Mathematics Asked by user1770201 on December 29, 2020
Page 88 of No-Nonsense Classical Mechanics states the Euler-Lagrange equation as follows:
Questions: I’m having trouble understanding just what the statement means.
Are $frac{partial L}{partial q}$ and $frac{partial L}{partial dot{q}}$ directional derivatives?
What are the SI units of $frac{partial L}{partial q}$, and won’t they differ from $frac{d}{dt} left( frac{partial L}{partial q} right)$ due to the $frac{d}{dt}$? If the units differ between these two terms, doesn’t this equation "fail to make sense"?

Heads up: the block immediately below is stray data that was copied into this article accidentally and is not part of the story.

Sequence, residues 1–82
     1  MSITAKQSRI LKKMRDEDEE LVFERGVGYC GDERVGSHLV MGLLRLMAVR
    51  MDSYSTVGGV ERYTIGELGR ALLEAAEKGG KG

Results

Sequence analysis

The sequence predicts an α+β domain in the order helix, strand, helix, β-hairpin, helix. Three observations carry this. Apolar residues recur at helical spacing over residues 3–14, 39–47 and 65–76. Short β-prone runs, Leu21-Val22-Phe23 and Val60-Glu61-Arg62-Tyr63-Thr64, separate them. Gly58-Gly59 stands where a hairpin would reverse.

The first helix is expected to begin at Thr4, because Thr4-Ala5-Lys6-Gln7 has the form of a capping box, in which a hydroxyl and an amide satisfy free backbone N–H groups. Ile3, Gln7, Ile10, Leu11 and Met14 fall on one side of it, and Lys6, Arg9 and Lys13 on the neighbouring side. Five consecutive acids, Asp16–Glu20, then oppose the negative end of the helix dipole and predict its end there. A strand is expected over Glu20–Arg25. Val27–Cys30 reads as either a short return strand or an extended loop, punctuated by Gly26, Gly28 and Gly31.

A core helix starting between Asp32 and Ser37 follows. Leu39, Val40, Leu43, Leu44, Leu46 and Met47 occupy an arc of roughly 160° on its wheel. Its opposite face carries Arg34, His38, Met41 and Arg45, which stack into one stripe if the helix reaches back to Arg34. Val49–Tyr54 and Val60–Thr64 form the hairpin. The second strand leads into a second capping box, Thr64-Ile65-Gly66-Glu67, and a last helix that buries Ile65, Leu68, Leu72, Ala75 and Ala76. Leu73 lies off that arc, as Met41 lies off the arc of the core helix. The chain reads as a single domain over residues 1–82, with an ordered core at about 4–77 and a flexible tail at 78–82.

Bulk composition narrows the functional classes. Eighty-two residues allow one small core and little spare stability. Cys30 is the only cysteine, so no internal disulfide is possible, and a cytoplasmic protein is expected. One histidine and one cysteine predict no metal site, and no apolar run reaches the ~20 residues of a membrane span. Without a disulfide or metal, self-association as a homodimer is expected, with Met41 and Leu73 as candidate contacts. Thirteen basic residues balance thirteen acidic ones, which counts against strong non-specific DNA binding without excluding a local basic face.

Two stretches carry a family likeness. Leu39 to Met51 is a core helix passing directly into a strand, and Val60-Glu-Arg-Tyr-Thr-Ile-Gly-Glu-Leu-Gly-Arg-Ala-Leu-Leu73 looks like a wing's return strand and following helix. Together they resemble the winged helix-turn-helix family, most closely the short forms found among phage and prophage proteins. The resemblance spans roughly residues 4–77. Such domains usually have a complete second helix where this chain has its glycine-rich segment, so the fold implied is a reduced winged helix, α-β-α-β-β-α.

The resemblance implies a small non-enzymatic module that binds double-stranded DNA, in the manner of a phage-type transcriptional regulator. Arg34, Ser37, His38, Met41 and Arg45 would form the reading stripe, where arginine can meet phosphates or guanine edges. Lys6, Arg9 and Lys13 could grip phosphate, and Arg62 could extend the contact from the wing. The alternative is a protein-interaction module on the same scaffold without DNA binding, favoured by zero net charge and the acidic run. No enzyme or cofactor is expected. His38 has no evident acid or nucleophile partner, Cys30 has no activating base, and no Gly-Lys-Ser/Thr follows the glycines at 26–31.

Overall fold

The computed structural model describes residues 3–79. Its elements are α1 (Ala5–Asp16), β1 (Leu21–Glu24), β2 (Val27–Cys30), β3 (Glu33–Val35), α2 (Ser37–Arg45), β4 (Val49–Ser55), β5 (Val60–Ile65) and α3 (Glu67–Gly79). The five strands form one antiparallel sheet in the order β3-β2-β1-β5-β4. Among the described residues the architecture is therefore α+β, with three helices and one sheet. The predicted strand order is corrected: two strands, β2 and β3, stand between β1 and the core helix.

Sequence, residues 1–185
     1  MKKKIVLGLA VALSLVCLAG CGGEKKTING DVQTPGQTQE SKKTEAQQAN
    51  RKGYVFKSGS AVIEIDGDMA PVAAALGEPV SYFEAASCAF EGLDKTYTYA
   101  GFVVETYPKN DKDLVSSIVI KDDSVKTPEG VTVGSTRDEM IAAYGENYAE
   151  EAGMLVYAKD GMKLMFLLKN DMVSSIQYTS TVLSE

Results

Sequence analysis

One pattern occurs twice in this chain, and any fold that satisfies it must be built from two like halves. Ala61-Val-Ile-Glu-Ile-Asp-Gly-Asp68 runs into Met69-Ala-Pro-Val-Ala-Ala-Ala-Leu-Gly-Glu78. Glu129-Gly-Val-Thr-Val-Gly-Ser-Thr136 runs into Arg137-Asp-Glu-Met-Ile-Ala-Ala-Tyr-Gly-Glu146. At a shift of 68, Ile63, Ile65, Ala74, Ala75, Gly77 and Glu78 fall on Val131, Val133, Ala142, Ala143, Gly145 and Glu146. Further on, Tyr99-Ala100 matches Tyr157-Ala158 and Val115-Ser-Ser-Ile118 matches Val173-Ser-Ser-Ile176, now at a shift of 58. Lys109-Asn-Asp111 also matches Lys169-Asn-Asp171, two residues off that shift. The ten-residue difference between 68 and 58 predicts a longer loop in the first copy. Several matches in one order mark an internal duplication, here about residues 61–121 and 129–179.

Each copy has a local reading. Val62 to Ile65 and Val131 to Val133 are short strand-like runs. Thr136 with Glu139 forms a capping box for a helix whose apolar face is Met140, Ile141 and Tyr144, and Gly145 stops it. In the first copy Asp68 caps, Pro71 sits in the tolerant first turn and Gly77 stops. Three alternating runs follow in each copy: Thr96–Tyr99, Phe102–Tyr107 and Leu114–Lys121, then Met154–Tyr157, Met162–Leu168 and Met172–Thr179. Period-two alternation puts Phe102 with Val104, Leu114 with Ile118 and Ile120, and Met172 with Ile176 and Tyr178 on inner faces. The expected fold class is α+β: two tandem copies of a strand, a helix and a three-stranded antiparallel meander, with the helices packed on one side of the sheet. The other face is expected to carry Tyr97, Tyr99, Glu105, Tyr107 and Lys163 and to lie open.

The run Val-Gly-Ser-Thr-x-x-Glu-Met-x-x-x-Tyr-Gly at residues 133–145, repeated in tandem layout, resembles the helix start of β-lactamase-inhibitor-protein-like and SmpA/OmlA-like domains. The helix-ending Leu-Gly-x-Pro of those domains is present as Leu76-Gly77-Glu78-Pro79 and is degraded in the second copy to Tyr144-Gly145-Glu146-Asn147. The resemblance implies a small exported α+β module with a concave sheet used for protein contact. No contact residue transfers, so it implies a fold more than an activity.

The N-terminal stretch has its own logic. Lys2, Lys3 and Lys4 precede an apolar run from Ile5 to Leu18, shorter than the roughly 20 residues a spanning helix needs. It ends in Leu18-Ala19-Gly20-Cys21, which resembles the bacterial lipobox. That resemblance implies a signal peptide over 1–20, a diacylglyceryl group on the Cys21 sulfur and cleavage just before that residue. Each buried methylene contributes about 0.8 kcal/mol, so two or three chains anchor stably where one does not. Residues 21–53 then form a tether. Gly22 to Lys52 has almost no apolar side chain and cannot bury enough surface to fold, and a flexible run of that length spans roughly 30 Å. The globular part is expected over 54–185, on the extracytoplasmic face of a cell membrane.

Let's suppose the units of $q$ are are $text{u}$, which stands for "user units."
The units of $frac{partial L}{partial q}$ are $text{J}text{u}^{-1}$ (Joules per user unit.)
The units of $frac{partial L}{partial dot q}$ are Joules per (user units per second) which is $text{J}text{u}^{-1}text{s}$. Hence the units of $frac{d}{dt}left(frac{partial L}{partial dot q}right)$ are $text{J}text{u}^{-1}$.
You could think of them as directional derivatives, but I think it is more helpful just to think of them as partial derivatives.
Correct answer by Stephen Montgomery-Smith on December 29, 2020
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